Saturday, August 14, 2010

The Father of my country, a father

In the last seven years or so, I have developed a keen appreciation of the Founding Fathers. My reading has turned them from pale icons in a high school textbook to vivid three-dimensional men, both flawed and great, who together --but not easily--created one of the marvels of the world.

A series on the American Revolution culminates with a program on the final battle at Yorktown. The way they re-enacted what they called "the end game" actually brought tears to my eyes, imagining how Washington might have felt after six more than arduous years, years with more failures than gains. And now, on October 19th, 1781, final victory and vindication.

What I do not remember, but must have read, is that his triumph was gored by a terrible loss. He and Martha had no children together, but he stepfathered her remaining daughter and son from her first marriage. Two children had died earlier. Her daughter Martha died as a young adult, of epilepsy, which left only the young man Jackie. He pressed George all during the revolution to let him fight, but was always refused. Finally, before Yorktown, Washington relented and brought him with him to the battle. Jackie contracted typhus there and died, less than a month after Cornwallis gave over his sword.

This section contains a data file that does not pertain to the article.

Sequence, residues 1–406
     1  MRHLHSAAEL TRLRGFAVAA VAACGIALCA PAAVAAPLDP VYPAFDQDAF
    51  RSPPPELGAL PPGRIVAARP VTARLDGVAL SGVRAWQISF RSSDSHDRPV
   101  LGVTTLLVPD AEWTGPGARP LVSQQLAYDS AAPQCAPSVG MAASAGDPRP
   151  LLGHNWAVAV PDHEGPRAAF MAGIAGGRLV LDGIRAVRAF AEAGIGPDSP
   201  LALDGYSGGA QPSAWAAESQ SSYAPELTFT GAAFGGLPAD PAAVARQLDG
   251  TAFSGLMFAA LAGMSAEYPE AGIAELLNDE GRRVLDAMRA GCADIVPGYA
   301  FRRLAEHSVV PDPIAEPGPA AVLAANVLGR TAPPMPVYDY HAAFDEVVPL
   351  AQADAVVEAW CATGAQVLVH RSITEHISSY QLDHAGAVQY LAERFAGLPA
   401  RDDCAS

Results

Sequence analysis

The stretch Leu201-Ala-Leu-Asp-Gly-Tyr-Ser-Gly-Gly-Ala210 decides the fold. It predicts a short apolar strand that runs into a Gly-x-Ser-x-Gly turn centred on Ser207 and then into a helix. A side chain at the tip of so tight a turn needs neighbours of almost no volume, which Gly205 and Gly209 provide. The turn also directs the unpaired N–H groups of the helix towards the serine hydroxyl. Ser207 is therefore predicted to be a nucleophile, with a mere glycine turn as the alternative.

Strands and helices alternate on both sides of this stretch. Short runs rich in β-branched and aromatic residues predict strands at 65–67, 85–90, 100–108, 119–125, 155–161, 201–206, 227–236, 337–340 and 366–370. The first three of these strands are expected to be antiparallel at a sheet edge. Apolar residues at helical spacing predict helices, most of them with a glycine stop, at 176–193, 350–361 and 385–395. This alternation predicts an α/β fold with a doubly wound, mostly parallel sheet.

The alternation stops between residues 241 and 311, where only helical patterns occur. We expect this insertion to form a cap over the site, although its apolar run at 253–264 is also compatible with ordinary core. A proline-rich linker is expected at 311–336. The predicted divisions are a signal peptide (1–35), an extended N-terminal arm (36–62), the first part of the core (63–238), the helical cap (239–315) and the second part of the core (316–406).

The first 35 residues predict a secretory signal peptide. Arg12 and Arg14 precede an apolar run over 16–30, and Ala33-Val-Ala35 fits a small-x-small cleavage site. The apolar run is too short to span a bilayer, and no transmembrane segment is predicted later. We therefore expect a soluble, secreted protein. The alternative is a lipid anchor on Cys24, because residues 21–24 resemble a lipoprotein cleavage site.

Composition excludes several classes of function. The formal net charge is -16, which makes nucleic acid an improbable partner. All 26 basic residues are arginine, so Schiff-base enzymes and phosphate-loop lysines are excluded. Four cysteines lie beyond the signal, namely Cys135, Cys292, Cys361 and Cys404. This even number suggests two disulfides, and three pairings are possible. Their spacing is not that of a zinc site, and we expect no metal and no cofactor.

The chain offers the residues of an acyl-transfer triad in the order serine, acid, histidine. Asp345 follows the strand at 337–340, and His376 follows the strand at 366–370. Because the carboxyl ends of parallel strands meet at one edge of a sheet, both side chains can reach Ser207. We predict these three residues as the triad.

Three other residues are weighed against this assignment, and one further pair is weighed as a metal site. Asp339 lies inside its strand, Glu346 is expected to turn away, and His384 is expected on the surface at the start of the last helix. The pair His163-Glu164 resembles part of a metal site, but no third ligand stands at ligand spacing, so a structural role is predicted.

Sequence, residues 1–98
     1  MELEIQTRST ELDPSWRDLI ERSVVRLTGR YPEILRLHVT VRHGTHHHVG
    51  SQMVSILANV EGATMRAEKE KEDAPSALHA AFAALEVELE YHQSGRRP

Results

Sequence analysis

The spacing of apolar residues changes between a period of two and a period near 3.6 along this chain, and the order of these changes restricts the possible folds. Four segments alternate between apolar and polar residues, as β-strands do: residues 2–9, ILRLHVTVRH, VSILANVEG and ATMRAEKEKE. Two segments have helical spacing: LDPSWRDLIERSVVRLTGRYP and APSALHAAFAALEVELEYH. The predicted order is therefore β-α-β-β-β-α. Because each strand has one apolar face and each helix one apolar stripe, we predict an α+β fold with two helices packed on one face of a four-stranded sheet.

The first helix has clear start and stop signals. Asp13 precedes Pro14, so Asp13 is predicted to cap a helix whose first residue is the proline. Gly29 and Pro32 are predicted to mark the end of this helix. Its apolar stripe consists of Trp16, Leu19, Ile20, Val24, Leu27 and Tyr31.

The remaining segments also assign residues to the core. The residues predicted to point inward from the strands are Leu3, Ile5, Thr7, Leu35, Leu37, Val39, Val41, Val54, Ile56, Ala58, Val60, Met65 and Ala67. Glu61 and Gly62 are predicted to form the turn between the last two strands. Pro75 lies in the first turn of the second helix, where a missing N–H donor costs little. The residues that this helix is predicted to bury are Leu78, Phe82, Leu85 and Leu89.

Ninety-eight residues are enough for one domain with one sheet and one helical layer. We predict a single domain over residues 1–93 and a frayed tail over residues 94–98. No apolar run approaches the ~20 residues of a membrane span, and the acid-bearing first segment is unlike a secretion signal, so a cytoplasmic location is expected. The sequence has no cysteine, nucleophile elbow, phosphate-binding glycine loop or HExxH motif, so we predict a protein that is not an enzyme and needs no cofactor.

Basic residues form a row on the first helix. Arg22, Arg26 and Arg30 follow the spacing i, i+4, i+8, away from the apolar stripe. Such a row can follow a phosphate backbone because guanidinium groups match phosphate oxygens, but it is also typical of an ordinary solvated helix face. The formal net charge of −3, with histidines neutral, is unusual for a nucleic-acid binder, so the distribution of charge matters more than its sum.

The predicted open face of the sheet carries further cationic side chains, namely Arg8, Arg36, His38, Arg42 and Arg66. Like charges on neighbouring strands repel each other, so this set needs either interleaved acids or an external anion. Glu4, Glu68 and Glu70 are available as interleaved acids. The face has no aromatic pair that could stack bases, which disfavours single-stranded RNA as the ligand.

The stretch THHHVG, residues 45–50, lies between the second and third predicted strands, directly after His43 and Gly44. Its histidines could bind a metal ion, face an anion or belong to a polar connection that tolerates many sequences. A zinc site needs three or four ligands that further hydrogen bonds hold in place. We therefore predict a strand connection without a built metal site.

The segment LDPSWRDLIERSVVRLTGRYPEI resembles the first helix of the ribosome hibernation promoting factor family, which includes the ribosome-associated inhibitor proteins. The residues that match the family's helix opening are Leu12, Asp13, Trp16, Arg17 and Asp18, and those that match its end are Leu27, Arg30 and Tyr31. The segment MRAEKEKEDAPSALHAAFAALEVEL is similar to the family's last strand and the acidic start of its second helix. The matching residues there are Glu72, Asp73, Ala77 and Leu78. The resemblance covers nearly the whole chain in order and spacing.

1 comment:

USMaleSF said...

It's completely unrealistic to imagine that a man who lived 200 years ago would be able to take in our current culture, nevertheless I can't help but wonder what he'd think to know that our current political issues include whether two men can marry and whether a Mohammadan temple should be built where Mohammadans killed 3000 Americans or whether the President should take an American State to court for trying to deal with an invasion from Mexico that the Federal branch refuses to admit.

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